The noble violin is descended from a humble ancestor – the “viol” or “fiddle” of the medieval and Renaissance troubadours. This stringed instrument was called in Italian viola da braccio, or “viol for the arm,” an indication of how it was held. It was viewed as less distinguished than a larger instrument held upright, the viola da gamba, or “viol for the leg.” (Note that the name “fiddle” still applies to the violin, but is used mainly in an informal setting or genre, such as folk or country music.)
It was during the baroque period that the violin was elevated to the core of the orchestra. This change was possible, in part, because of the exceptional instruments being crafted in Cremona, Italy. Andrea Amati (c. 1505–c. 1578) is credited with developing the prototypes for the violin, viola, and violoncello – the “violin family” of four-stringed instruments. The violin has the highest sound or “voice” of the group.
Amati’s successors in Cremona included the legendary Antonio Stradivari (1644-1737) and Giuseppe Guarneri (1698-1744). Exceptional baroque luthiers also worked outside of Italy – for example, the Austrian Jacob Stainer (c. 1617-1683).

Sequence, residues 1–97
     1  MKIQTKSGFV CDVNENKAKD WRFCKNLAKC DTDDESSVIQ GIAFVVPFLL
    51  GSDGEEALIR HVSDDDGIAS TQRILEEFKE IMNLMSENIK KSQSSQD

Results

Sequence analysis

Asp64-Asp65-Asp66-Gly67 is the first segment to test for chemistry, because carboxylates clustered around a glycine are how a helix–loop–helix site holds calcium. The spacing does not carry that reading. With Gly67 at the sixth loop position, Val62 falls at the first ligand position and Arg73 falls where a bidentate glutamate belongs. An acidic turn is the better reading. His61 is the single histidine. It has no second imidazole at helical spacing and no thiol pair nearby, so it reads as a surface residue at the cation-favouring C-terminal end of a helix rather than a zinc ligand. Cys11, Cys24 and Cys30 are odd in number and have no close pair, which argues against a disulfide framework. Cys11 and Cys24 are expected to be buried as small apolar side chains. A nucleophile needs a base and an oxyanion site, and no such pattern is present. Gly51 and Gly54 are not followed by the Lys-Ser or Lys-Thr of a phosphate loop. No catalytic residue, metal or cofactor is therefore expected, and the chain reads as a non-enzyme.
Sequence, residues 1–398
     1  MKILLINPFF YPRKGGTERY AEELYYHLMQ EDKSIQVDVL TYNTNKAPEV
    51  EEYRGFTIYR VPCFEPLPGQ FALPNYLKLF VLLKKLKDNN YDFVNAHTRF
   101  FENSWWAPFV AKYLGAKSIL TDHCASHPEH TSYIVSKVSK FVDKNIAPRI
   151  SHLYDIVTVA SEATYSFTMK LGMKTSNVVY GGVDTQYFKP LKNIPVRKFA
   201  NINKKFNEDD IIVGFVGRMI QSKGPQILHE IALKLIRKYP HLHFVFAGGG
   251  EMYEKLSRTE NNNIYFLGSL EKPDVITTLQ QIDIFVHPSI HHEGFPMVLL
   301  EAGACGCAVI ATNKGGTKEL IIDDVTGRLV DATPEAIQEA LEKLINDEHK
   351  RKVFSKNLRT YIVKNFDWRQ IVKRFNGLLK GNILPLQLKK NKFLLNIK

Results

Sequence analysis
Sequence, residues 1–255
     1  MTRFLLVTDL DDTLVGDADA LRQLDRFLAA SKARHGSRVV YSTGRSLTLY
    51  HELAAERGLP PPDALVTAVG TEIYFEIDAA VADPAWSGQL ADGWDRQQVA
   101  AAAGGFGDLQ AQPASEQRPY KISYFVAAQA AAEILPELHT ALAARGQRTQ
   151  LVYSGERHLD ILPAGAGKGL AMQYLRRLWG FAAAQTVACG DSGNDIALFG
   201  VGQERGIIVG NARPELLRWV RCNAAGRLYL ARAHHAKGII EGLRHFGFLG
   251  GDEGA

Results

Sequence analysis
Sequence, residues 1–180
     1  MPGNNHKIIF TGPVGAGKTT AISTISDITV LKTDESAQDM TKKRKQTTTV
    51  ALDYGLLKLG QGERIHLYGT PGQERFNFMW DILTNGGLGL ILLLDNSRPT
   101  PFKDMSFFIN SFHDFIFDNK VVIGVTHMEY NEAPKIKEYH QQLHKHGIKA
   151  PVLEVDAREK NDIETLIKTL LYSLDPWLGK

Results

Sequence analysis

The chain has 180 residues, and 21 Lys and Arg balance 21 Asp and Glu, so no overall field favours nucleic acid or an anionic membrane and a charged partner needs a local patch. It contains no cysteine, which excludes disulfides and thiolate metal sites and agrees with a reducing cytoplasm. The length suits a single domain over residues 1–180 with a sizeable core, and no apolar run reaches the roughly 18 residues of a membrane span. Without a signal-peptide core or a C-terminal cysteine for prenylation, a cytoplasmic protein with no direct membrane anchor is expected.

The early violin was somewhat different from today’s instrument. The neck was typically shorter and thicker, the bridge flatter, and the fingerboard shorter.
The bow has also experiencing an evolution. Historically, there was the “Italian bow,” which had a tight tension, and the looser “German bow.” The former was well suited to faster playing, such as rapid arpeggios; the later gave the violinist more flexibility to play multiple strings simultaneously.
The modern violin bow is descended from the tighter, “Italian” model. However, there is renewed interest in the German style bow, especially for the music of composers who would have known it, such as Johann Sebastian Bach.